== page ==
Thursday, 26 April 2012

New Deptford Station opens

Deptford's new railway station opened to the public this afternoon and although the station project is still far from finished, with more canopy still to erect and the old buildings to demolish, I am confident that many regular users will be delighted with the new station. For a start, it doesn't smell of urine, a common complaint about the old station although oddly not one I ever had to make. Granted it didn't smell good and was often decorated with several days' rubbish, but even my sensitive nostrils rarely detected the whiff of wee. But I digress.
The temporary corridor to the station is unlikely to win many fans, being quite narrow and hence annoying when you are sharing it with a crowd, whichever direction you're headed in.
Dip in under the glass facade and you're in a lovely (comparatively) spacious ticket office area surrounded by brick, glass and steel, shiny new signs, noticeboards so far bereft of any posters, and a train announcement board that shows what you need to know at one glance (rather than the old TV screen at which you'd sometimes have to wait several minutes before it ticked round to the screen with the information you required).
One major disappointment so far - still only one ticket machine! I do hope that this is rectified soon, perhaps the one in the old station entrance is still there and they will be relocating it to the other side of the ticket office in due course? (can you hear the hope in my voice?). In fact I'm told by an authoritative source that the ducts are in place to enable a ticket machine to be fitted on platform one next to the lift, but it probably won't be installed until the carriage ramp development is finished (and someone else's arm has been twisted to pay for it.. is what I read into that!) But never mind the ticket machines - what's that I see in the distance? A lift! Yes folks, new lifts to each platform will surely be one of the most significant improvements for Deptford Station. People with pushchairs and prams, bikes, those in wheelchairs and anyone who has difficulty climbing stairs will no doubt be delighted that the station is at long last properly accessible.
So from the ticket office turn left to climb the stairs (or take the lift) for London-bound trains. The stairs aren't as forbidding as those in the old station - they are broken into shorter flights - but you've still got to get to the same height so it's still an effort I'm afraid. Think of it as your morning workout. Or come a bit earlier and take the lift.
Turn right for Dartford-bound trains and you get the full joy of the tunnel (which most people will experience from the other end, coming home from town). The newly-revealed brickwork is lovely and I do hope that I never tire of it. It makes the station reminiscent of those opened recently on the new part of the East London Line, even if the overall quality of the finishes doesn't quite live up to it. I'm not really sure why they put a barrier down the middle of the tunnel, as the flow of passengers is likely to be in one direction or the other, and anyway who takes any notice of those barriers even in busy underground stations?!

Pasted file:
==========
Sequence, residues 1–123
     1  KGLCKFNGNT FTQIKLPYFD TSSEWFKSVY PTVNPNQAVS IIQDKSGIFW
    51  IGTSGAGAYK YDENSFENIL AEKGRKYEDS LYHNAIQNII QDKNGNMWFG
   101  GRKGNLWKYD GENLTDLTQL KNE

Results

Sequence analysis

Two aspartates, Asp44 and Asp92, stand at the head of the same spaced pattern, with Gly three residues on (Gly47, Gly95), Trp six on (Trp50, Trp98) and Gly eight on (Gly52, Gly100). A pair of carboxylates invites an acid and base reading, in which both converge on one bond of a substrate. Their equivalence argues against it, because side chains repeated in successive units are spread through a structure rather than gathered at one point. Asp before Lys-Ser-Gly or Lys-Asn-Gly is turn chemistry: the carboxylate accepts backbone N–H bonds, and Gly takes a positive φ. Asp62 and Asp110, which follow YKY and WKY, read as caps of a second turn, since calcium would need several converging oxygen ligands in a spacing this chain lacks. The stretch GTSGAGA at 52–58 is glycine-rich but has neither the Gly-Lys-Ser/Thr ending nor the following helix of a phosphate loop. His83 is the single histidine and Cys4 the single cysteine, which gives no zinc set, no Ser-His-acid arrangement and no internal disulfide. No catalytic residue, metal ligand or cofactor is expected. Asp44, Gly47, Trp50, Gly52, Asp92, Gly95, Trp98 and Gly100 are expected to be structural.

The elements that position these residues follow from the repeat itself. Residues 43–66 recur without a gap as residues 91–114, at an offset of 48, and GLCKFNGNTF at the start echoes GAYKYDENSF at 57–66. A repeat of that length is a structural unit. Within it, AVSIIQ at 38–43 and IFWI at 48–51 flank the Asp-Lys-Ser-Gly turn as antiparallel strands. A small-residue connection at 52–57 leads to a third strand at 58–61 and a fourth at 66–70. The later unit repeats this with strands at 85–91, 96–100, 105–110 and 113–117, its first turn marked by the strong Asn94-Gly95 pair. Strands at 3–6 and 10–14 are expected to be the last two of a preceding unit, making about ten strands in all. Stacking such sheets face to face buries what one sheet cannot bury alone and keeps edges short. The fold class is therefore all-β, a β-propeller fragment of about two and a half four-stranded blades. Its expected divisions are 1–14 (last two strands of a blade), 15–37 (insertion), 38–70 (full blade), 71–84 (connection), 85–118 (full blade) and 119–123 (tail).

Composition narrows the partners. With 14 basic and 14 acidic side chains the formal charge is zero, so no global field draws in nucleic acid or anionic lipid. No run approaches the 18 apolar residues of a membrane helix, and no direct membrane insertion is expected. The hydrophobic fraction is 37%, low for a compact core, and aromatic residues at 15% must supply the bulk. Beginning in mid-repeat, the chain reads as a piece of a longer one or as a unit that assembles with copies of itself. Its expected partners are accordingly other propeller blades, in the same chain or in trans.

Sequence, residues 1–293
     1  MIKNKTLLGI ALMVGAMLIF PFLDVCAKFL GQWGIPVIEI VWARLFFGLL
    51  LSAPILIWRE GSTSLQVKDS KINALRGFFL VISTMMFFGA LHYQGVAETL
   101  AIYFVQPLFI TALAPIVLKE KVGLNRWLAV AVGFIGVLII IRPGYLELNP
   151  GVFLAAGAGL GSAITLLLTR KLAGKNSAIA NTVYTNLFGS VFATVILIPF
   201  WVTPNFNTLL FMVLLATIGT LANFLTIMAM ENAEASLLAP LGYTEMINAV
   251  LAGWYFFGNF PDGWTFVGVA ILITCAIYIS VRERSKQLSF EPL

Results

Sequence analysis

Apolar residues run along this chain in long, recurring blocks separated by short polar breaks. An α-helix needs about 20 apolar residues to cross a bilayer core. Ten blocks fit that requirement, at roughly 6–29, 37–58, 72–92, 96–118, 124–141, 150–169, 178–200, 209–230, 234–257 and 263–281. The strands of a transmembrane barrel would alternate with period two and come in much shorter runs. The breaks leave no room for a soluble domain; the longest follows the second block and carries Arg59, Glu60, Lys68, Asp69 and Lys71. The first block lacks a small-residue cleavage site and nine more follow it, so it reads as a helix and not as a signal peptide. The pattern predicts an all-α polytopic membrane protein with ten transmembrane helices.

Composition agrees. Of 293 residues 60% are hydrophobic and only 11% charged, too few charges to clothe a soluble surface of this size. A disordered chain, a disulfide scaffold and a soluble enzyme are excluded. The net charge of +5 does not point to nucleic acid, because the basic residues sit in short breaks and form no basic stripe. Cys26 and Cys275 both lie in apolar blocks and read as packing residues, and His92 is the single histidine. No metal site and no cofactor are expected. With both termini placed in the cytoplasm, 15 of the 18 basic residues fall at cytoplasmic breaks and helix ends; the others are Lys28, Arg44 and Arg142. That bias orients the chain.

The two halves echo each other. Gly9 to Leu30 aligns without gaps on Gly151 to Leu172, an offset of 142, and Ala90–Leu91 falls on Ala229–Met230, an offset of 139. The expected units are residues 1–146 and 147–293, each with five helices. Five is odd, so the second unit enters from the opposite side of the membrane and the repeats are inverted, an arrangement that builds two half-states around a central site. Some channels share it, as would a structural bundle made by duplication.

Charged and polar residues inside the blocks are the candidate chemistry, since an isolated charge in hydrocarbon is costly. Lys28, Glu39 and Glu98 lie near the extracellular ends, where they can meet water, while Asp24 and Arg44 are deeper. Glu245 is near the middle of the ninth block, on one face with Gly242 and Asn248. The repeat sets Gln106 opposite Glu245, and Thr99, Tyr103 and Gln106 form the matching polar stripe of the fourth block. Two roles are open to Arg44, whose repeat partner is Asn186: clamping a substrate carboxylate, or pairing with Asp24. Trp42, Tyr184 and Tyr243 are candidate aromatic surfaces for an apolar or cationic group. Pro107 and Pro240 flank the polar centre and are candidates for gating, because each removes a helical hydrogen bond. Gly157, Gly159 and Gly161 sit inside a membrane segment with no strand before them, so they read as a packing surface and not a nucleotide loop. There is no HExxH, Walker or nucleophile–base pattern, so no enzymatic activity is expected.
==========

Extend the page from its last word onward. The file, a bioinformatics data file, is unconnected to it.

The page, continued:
At the far end of the tunnel you ascend on several flights of stairs wrapped around the lift shaft and enclosed by some rather strange steel mesh which goes to the full height of the canopy of the lift shaft. I'm not really sure of the purpose of this mesh, but it's no doubt going to catch every slip of litter, every pigeon feather and every fag end and in due course will metamorphose into some kind of bizarre upcycled litter artwork. Let's hope they've got a giant vacuum cleaner tucked away to keep that mesh nice and clean.

The presence of the roller shutter next to the top of the carriage ramp is reassuring, given that I heard not too long ago that the council and Network Rail had still failed to agree on access from the top of the carriage ramp.
Like I said - a lift to each platform - and a nice touch that both have little seats next to them.
Plenty of security cameras (far left of the picture) and if they actually record footage or are linked to some kind of monitoring HQ, we're cooking with gas or at least have a gas supply that's hooked up and ready to go.
And finally, we have seats once again. Enjoy your morning commute folks, feel free to leave your comments below.

Tuesday, 24 April 2012

Stepping over the border

Just to prove that I don't spend all my time in Deptford, the last few days I've been over the border enjoying some of the sights and sounds of Greenwich. What with the marathon, the Olympics and the Cutty Sark, all eyes have been on our Royal neighbour of late. A spring stroll on part of the Green Chain walk gave me a good view across Woolwich Common to the temporary Olympic shooting venue, which is quite striking from a distance.

Closer to hand there was a rake of glorious cherry and blackthorn blossom brightening up the pathways of the common.

This evening I took a short trip to Cutty Sark Gardens to have a look at the preparations for the Queen's visit tomorrow, when she'll be cutting the ribbon on the relaunched Cutty Sark. There's been lots of sneak peeks over the last few days, one of my favourites blogged by a New Cross Fleece Station resident here.

The boat looks absolutely amazing standing proud above the slightly dubious 'sea' of glass, but do make sure you have your back to Nando's (or perhaps are standing on the roof garden) when you take your picture of her. Likewise do be careful if you are disembarking the ferry not to rush to get your snap of this World Heritage Site.

Sunday, 15 April 2012

New Sainsbury's Local set to open on Creek Road

The battle of the supermarket giants looks set to kick off in Creek Road with Sainsbury's due to open a new 'Local' branch just a stone's throw from the Tesco Metro which set up shop a year or so ago.

I've not had chance to scope out the many empty retail units on Creek Road and see if there is any sign of the new shop yet, but it's my guess that it will be one of the units in the new 'Creekside Village', all of which have been vacant for some time.*

Whichever it is, they are recruiting staff so it won't be long before it opens.

Thanks to the commenter on the previous post for the spot.

*Updated (see comments); the new Sainsburys is to replace the Costcutter across the road from and head-to-head with Tesco.

Wednesday, 11 April 2012

Local news roundup

The tragic death of young student Olatunji Johnson Adeyanju (TJ) on 23 March was so thoroughly reported by Crossfields blog that I did not feel I could add anything to the story. You can read some heartfelt tributes in the comments of the post if you click on the link.